Trump, Erdogan discussed Khashoggi

Trump, Erdogan discussed Khashoggi
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President TrumpDonald John TrumpSunday shows preview: Shutdown negotiations continue after White House immigration proposal Rove warns Senate GOP: Don't put only focus on base Ann Coulter blasts Trump shutdown compromise: ‘We voted for Trump and got Jeb!’ MORE and Turkish leader Recep Tayyip Erdoğan discussed how to respond to the killing of dissident Saudi journalist Jamal Khashoggi, a White House spokesman confirmed to The Hill on Sunday.

The two discussed the matter at a dinner Saturday night with various heads of state in Paris to mark the World War I Armistice centenary, according to Reuters, who first reported details of the conversation.

Khashoggi disappeared after entering the Saudi consulate in Istanbul on Oct. 2, where Turkey has said he was tortured, murdered and then dismembered by Saudi operatives on orders from "the highest levels of the Saudi government."


Saudi Arabia has dodged the accusation and Crown Prince Mohammed bin Salman has specifically denied having had any knowledge of the incident.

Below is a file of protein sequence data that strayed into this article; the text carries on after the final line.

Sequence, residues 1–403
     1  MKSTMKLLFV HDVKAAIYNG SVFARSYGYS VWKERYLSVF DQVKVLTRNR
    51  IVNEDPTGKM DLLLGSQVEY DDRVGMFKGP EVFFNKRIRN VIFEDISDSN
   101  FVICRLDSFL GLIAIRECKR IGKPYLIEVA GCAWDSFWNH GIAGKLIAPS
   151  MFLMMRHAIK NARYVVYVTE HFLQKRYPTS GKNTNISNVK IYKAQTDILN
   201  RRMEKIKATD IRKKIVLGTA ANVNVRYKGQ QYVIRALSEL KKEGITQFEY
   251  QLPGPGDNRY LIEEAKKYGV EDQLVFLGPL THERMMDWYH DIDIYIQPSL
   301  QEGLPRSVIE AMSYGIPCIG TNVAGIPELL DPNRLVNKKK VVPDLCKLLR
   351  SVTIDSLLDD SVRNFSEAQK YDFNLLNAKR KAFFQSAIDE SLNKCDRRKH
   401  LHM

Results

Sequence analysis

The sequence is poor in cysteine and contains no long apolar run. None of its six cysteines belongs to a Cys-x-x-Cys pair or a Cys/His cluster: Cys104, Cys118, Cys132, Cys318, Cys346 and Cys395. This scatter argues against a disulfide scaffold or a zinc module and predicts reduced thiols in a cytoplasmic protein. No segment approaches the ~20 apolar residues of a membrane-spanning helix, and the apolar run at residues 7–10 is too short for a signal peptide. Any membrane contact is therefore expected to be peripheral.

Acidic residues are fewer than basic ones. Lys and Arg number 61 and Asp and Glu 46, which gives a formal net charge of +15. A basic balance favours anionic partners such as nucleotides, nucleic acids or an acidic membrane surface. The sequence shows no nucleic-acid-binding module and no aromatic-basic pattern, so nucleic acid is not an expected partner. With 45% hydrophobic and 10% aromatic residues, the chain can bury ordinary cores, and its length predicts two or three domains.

The kingdom admitted late last month that Khashoggi had been killed and that his murder was premeditated.

Erdoğan said earlier Saturday that Turkey gave recordings related to Khashoggi's murder to various governments, including the U.S.

No country has acknowledged receiving the recordings and Secretary of State Mike PompeoMichael (Mike) Richard PompeoTrump travels to Dover Air Force Base to meet with families of Americans killed in Syria Overnight Defense: Second Trump-Kim summit planned for next month | Pelosi accuses Trump of leaking Afghanistan trip plans | Pentagon warns of climate threat to bases | Trump faces pressure to reconsider Syria exit Pompeo planning to meet with Pat Roberts amid 2020 Senate speculation MORE denied last month that they he had heard the recordings or seen a transcript.

The Washington Post reported late last month that CIA Director Gina Haspel listened to a recording of Khashoggi's murder during a visit. She briefed the president several days after.

The death of Khashoggi, a U.S. resident, has caused diplomatic strife between Saudi Arabia and the U.S.

The kingdom has been a longtime ally of America's and the U.S. has backed it in a proxy war against Iran in Yemen.

The U.S. has frequently found itself opposed to Turkey, particularly in Syria, where Erdoğan has allied himself with Russia, Iran, and Syrian President Bashar Assad.

Now, the U.S. has called for a ceasefire in Yemen by the end of November, though government officials have said that the decision is unrelated to Khashoggi's murder.